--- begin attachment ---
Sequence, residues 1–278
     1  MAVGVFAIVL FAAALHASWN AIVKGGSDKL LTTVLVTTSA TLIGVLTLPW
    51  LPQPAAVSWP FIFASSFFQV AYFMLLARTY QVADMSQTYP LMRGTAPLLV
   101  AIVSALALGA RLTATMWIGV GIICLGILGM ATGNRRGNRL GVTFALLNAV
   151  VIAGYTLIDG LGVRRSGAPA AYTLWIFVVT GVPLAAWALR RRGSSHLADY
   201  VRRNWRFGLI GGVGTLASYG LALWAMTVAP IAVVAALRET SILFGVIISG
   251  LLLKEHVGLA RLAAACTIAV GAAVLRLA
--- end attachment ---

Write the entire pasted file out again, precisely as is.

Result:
Sequence, residues 1–278
     1  MAVGVFAIVL FAAALHASWN AIVKGGSDKL LTTVLVTTSA TLIGVLTLPW
    51  LPQPAAVSWP FIFASSFFQV AYFMLLARTY QVADMSQTYP LMRGTAPLLV
   101  AIVSALALGA RLTATMWIGV GIICLGILGM ATGNRRGNRL GVTFALLNAV
   151  VIAGYTLIDG LGVRRSGAPA AYTLWIFVVT GVPLAAWALR RRGSSHLADY
   201  VRRNWRFGLI GGVGTLASYG LALWAMTVAP IAVVAALRET SILFGVIISG
   251  LLLKEHVGLA RLAAACTIAV GAAVLRLA